Ian Rankin

Rather Be The Devil

""(Rebus) is... the same dogged and determined cop with a wealth of experience and scant regard for the politically correct.""


Rebus has retired. Honestly. But he can't resist dabbling, and an evening at the Caledonian Hotel brings back memories of a murder there long ago that was never solved. A beautiful young woman, wife to a banker, was staying at 'the Caley' at the same time as a famous rock star and his entourage. Various people were in the frame for the murder, including more than one of her lovers.

Detective Inspector Siobhan Clark has kept in touch and contacts Rebus when his old sparring partner, Big Ger Cafferty is implicated in an assault on the new pretender to the post of Mr Big in the Edinburgh crime scene, Darryl Christie.

Detective Inspector Malcolm Fox has been transferred to the major Crimes Division of Police Scotland at Gartcosh, much to the chagrin of Siobhan, who would have liked the chance to move to a more influential role. When Fox is assigned to work with Edinburgh on Christie's case, the tension between Clark and Fox comes to the surface.

So three old colleagues are working together again, each with a different agenda: with Rebus working very much outside the loop. Darryl Christie's money laundering schemes are under observation, Big Ger is always a force to be reckoned with and all along Rebus is beavering away trying to solve the old murder.

Rebus is also struggling to adopt a healthier lifestyle, supported by his girlfriend, who also happens to be the forensic pathologist. He is succeeding, up to a point, but has been scared by some worrying symptoms and is waiting for the results of tests.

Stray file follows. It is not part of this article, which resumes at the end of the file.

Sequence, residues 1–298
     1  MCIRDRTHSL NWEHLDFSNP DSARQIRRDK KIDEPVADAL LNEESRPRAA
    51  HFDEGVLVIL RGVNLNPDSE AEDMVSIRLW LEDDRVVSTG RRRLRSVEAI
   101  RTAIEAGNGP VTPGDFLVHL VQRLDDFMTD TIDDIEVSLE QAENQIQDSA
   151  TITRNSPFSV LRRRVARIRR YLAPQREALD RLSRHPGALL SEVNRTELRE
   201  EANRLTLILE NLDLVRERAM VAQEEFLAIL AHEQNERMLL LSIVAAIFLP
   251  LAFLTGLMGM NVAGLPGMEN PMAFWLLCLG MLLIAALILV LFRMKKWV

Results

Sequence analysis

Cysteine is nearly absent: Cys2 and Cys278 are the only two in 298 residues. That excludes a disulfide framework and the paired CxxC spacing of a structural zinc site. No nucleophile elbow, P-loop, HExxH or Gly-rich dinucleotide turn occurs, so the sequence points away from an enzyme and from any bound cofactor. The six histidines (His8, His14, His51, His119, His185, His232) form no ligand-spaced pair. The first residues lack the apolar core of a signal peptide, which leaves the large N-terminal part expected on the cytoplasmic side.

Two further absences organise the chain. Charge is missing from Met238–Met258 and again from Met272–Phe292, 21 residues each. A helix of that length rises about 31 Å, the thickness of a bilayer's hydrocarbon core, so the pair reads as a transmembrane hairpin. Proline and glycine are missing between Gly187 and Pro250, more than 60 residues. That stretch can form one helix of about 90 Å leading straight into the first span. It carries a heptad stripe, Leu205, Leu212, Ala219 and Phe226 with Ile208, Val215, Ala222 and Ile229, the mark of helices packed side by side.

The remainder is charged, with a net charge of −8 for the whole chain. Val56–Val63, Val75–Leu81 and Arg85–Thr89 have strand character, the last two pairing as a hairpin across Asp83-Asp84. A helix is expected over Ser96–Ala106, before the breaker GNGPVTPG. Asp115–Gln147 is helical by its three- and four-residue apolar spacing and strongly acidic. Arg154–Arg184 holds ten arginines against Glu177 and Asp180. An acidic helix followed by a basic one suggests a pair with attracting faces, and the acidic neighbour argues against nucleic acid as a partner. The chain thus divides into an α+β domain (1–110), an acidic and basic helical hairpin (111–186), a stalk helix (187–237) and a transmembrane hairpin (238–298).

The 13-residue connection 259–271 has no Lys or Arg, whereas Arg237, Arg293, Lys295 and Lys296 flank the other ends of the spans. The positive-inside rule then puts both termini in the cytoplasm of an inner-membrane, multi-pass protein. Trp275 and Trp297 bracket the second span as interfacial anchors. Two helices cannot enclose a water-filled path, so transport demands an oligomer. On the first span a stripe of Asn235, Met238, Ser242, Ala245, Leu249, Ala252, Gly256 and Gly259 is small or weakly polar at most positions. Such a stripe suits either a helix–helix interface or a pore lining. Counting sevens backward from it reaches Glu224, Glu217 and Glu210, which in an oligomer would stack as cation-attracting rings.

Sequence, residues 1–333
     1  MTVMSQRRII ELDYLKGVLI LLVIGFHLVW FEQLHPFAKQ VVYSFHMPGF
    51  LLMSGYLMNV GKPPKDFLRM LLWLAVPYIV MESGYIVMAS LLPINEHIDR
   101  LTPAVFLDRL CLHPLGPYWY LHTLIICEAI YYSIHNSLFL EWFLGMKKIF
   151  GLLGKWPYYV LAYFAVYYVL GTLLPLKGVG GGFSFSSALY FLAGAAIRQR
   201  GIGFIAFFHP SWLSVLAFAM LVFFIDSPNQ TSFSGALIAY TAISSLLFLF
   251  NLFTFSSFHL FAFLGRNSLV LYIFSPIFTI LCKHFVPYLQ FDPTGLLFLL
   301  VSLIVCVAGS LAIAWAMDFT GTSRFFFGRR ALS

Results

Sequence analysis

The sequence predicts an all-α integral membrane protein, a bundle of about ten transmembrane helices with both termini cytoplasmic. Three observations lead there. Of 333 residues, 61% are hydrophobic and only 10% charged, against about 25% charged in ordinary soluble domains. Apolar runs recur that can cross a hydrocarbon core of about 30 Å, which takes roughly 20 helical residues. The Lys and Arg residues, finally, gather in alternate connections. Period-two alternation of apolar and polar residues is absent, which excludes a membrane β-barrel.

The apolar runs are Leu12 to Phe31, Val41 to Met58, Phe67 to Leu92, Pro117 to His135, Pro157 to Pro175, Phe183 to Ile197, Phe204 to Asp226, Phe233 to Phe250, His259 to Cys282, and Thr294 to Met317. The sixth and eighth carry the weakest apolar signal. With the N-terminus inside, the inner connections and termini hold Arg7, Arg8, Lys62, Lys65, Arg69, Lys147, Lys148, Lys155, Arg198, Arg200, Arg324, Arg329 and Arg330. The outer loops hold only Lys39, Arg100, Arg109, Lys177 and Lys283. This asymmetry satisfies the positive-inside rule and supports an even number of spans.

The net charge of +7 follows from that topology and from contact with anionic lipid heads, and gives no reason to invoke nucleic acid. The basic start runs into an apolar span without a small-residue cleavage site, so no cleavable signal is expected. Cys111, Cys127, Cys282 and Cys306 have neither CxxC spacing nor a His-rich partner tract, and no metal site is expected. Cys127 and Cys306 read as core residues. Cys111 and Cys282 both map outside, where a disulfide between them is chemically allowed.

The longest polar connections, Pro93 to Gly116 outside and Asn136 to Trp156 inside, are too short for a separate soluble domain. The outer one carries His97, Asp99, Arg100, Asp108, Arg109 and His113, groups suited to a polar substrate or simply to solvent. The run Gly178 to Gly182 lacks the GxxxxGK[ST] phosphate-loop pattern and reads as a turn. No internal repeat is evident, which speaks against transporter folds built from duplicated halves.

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Rankin has solved the problem of how to continue with Rebus once he had reached compulsory retirement age. Siobhan has taken over but Rebus is his usual unconventional self and manages to inveigle himself into current operations. He is getting older and his behaviour has been modified accordingly. We are not used to a Rebus who drinks moderately, takes exercise with his dog and has more or less stopped smoking. He is, however the same dogged and determined cop with a wealth of experience and scant regard for the politically correct. I love the way that Rankin has taken everything in real time. It gives him the chance to explore how real life is modified by age and circumstances. The relationship between the new divisions of Police Scotland, between Glasgow and Edinburgh, are also explored. Rankin is, as always, bang up to date. Looking back over the career of Rebus will give you an overview of life in Edinburgh across the years. I am encouraged to start again from the beginning in order to do just that. If you are new to Rebus, this book will stand on its own, and if there is anyone out there who does not know him, this book will encourage you to investigate this great storyteller's back catalogue

Reviewed By:

Chris Simmons